“It’s being steered – by nobody! It’s being controlled – by the intelligence!”


It has been three days ago since the Audi RS7 driverless concept car completed a full lap around the Hockenheim Grand Prix at racing speeds. Without a racing driver, the car managed to reach speeds of 240km/s. This is certainly a whole different kind of automatic car than the ParkShuttle at Kralingse Zoom.

The Audi RS7 concept car uses a series of sensors, cameras and GPS location services to precisely maneuver the car. However, while the concept of automatic driving is based on the idea that the car will drive fully automatic and no human input is required, the traditional car manufacturers want to retain some of the human input. At high speeds, the driver is required take over the wheel and drive manually again. In some models, the on-car computer system software even checks whether the driver is awake or not. The system merely assists the driver with some functions. Google, on the other hand, has the desire to develop fully automatic cars. Originally, Google planned to develop these cars without steering wheels. Only due to compliance to California legislation laws did Google include manual brakes and a steering wheel into its test models.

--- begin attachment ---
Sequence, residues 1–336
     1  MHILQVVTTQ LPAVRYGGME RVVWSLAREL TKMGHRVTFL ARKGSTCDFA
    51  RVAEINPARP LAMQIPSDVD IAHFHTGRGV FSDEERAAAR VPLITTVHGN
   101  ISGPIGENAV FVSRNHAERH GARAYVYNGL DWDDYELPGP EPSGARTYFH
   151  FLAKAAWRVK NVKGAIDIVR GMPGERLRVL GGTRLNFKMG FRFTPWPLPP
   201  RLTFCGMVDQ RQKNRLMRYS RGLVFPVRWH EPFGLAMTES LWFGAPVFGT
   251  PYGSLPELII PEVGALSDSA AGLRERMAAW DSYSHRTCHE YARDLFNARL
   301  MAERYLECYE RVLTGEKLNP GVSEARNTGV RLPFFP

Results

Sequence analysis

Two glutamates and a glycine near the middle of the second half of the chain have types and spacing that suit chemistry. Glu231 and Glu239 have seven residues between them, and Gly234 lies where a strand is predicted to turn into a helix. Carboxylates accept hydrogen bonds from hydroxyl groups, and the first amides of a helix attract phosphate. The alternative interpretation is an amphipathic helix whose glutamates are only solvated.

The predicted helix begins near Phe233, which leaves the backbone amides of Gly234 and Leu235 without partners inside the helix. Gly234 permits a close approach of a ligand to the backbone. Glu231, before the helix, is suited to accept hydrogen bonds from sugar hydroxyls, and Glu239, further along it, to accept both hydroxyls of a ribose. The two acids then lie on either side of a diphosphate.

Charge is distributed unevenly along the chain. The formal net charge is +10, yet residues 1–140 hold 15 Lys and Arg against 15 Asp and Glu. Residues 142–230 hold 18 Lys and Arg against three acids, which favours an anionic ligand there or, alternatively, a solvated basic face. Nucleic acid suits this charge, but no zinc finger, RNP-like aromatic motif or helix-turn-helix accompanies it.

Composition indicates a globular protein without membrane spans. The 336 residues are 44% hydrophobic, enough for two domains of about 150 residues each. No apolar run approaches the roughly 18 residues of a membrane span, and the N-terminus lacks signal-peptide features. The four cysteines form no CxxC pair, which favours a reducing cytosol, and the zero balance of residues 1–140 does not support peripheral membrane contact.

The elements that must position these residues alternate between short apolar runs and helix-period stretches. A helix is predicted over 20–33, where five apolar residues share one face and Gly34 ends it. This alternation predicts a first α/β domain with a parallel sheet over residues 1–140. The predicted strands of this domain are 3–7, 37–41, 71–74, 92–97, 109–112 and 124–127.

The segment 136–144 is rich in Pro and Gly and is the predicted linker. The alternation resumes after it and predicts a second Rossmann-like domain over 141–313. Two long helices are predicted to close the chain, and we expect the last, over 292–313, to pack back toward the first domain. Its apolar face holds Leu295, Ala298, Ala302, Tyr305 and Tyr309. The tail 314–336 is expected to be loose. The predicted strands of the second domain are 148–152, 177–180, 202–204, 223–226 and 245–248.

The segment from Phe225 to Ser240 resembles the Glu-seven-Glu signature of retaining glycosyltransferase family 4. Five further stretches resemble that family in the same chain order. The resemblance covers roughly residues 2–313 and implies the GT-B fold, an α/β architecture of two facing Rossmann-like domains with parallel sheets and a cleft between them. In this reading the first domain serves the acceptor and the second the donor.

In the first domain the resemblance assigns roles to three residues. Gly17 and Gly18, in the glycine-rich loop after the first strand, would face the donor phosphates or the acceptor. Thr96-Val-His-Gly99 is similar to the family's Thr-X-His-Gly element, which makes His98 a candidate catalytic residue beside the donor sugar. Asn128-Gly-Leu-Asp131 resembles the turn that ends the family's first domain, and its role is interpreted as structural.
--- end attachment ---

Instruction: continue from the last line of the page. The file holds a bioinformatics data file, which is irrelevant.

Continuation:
Governments in the United States and the United Kingdom have already allowed the testing of automatic driving. The Netherlands will soon follow according to minister Schultz. However, there are still issues to be solved, such as liabilities when accidents occur, and safety. The manufacturers of the automatic cars argue that these automatic cars will make driving safer, because the cars are able to spot objects from meters away with its different sensors.

With not only traditional car manufacturers, such as Audi, Nissan and Toyota developing technologies to make automatic driving possible, but even technology giants Google and Baidu putting effort into it, it seems that driverless cars will go mainstream in about 10 to 15 years, according to analyst Jordan Perch. The Audi RS7 showcases the self-driving technology we can expect in the near future, given that current laws will be adapted to allow driverless cars on the roads.

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 Sources

http://www.stuff.co.nz/motoring/news/10638557/Driverless-200-kmh-hot-lap-in-Audis-RS7

http://www.volkskrant.nl/economie/minister-schultz-test-zelfrijdende-auto~a3543435/

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